Q&A: Antonio Guterres, UNHCR High Commissioner for Refugees

By Sonia van Gilder Cooke Friday, Aug. 26, 2011

The plights of refugees fleeing famine and conflict in Somalia and Libya have captured the world’s attention recently. But around the world, there are millions of people who face similar troubles in their own home countries. The stateless have no citizenship or ID — legally, they don’t exist, and have no rights to healthcare, education, or social welfare. On the 50th anniversary of the Convention on the Reduction of Statelessness, TIME spoke with Antonio Guterres, the U.N. High Commissioner for Refugees, on why this happens and how to help.

Why is statelessness an important issue?
Imagine living in the slums in the developing world without an ID card. You’re not able to send children to school or go to a health center, to be able to work legally or to have property. You may be harassed by the police or jailed without any rights. It’s an enormous amount of suffering.

Why has so little attention been paid to statelessness in the past?
Stateless people are hidden. During the 2011 refugee crises, it was obvious that people were fleeing Somalia and Libya — there was a lot of international attention. Statelessness goes undetected because stateless people are in legal limbo and are afraid to show up. It’s the most forgotten human-rights problem in today’s world.

How many stateless people are there in the world?
Estimates vary between 12 million and 15 million.

What causes statelessness?
When a country like the Soviet Union ends, people fall through the cracks. Racial and ethnic discrimination is also a cause. The Rohingyas are Bengali Muslims who have lived in Myanmar for centuries, yet they have never been recognized as citizens. Many countries do not allow women to convey their nationality to their children — if they are single mothers, the children become stateless.

What is the international community doing to tackle this issue?
There are two international agreements, including the Convention on the Reduction of Statelessness. Only 38 countries in the world have ratified it, however. Countries should ratify the conventions and adopt national legislation to grant people the possibility of having a nationality. At the least, we want countries to provide stateless people access to the services, even if they do not have citizenship.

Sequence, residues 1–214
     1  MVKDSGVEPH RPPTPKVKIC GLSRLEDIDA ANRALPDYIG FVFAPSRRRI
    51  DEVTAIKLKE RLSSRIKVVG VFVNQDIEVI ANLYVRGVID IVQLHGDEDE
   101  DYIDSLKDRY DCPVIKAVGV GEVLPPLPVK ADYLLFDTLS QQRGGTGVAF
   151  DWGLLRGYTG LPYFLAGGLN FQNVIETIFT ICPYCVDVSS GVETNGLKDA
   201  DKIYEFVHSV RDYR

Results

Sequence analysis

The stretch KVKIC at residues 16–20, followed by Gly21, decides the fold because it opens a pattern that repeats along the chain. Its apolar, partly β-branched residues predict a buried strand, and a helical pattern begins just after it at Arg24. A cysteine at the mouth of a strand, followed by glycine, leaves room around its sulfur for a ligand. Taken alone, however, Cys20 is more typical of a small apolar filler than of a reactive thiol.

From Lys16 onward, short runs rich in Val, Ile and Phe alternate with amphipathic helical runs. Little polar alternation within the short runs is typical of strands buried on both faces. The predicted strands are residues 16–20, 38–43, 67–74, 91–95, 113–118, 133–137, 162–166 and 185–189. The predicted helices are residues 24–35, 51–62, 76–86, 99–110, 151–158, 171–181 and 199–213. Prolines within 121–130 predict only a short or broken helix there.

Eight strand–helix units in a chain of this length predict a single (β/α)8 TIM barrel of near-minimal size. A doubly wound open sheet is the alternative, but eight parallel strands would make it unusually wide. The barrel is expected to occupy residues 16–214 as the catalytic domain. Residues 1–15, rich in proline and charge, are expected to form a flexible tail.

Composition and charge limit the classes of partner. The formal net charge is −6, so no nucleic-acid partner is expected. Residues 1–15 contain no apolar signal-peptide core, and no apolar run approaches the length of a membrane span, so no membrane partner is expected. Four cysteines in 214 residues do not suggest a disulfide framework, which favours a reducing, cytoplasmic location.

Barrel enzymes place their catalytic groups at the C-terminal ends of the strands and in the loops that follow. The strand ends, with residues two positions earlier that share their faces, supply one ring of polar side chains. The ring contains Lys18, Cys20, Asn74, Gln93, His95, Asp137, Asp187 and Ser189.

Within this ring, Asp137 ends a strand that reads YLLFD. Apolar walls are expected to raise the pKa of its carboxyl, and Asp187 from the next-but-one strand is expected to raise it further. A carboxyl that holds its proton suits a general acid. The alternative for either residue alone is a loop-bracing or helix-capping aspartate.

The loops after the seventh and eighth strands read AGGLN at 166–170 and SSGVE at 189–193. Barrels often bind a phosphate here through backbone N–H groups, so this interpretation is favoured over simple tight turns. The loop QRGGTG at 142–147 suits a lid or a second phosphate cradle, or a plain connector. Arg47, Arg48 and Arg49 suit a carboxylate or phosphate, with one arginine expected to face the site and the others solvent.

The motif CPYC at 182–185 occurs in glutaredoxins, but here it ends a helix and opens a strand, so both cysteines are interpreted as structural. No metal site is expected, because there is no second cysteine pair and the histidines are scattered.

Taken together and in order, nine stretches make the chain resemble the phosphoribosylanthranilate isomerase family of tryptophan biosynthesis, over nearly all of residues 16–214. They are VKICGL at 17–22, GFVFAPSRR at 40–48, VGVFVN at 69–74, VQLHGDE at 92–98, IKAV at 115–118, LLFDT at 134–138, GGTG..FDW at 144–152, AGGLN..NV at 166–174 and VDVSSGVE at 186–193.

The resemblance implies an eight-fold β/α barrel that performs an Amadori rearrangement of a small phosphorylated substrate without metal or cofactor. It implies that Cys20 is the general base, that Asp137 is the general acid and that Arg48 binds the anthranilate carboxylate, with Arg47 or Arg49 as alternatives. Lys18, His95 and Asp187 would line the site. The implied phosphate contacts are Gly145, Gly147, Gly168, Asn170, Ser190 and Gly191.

What progress has been made?
Nepal has recently given nationality to 2.6 million Nepalese. Many countries that came out of the Soviet Union, including Russia, have done a lot to grant nationality. In the last decade, ten countries, including Egypt, Indonesia and Morocco have changed their laws in order to allow woman to convey the nationality to their children.

What situation are you concerned about at the moment?
There is a risk, today, in Sudan. The governments of south Sudan must make sure that everybody will get a nationality — that nobody will become stateless because of this separation.

Is there a success story in solving statelessness?
After independence, the Biharis in Bangladesh had not been recognized as citizens. There was an historic decision by the Supreme Court saying that that should corrected. The civil society, the judiciary, and the authorities cooperated and managed to address what was a very sensitive political question in the beginning. The problem is now essentially solved.